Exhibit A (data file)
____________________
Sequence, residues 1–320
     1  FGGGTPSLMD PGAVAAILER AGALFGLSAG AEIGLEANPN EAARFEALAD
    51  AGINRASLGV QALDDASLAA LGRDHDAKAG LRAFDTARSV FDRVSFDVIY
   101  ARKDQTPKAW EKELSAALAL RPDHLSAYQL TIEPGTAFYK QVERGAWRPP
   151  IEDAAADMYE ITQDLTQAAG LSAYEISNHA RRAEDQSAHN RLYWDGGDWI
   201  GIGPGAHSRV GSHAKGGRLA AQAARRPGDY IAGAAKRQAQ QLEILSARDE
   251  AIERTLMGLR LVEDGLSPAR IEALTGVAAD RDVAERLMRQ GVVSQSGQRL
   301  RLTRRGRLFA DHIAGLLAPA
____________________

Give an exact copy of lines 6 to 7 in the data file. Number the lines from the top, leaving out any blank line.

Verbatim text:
   201  GIGPGAHSRV GSHAKGGRLA AQAARRPGDY IAGAAKRQAQ QLEILSARDE
   251  AIERTLMGLR LVEDGLSPAR IEALTGVAAD RDVAERLMRQ GVVSQSGQRL